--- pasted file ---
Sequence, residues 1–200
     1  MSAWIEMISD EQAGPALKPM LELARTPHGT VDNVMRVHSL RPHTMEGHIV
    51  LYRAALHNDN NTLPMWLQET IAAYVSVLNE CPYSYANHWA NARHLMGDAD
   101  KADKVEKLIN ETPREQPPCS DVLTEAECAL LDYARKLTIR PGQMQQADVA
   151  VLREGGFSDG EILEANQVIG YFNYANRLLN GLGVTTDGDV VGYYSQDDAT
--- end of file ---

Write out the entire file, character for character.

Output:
Sequence, residues 1–200
     1  MSAWIEMISD EQAGPALKPM LELARTPHGT VDNVMRVHSL RPHTMEGHIV
    51  LYRAALHNDN NTLPMWLQET IAAYVSVLNE CPYSYANHWA NARHLMGDAD
   101  KADKVEKLIN ETPREQPPCS DVLTEAECAL LDYARKLTIR PGQMQQADVA
   151  VLREGGFSDG EILEANQVIG YFNYANRLLN GLGVTTDGDV VGYYSQDDAT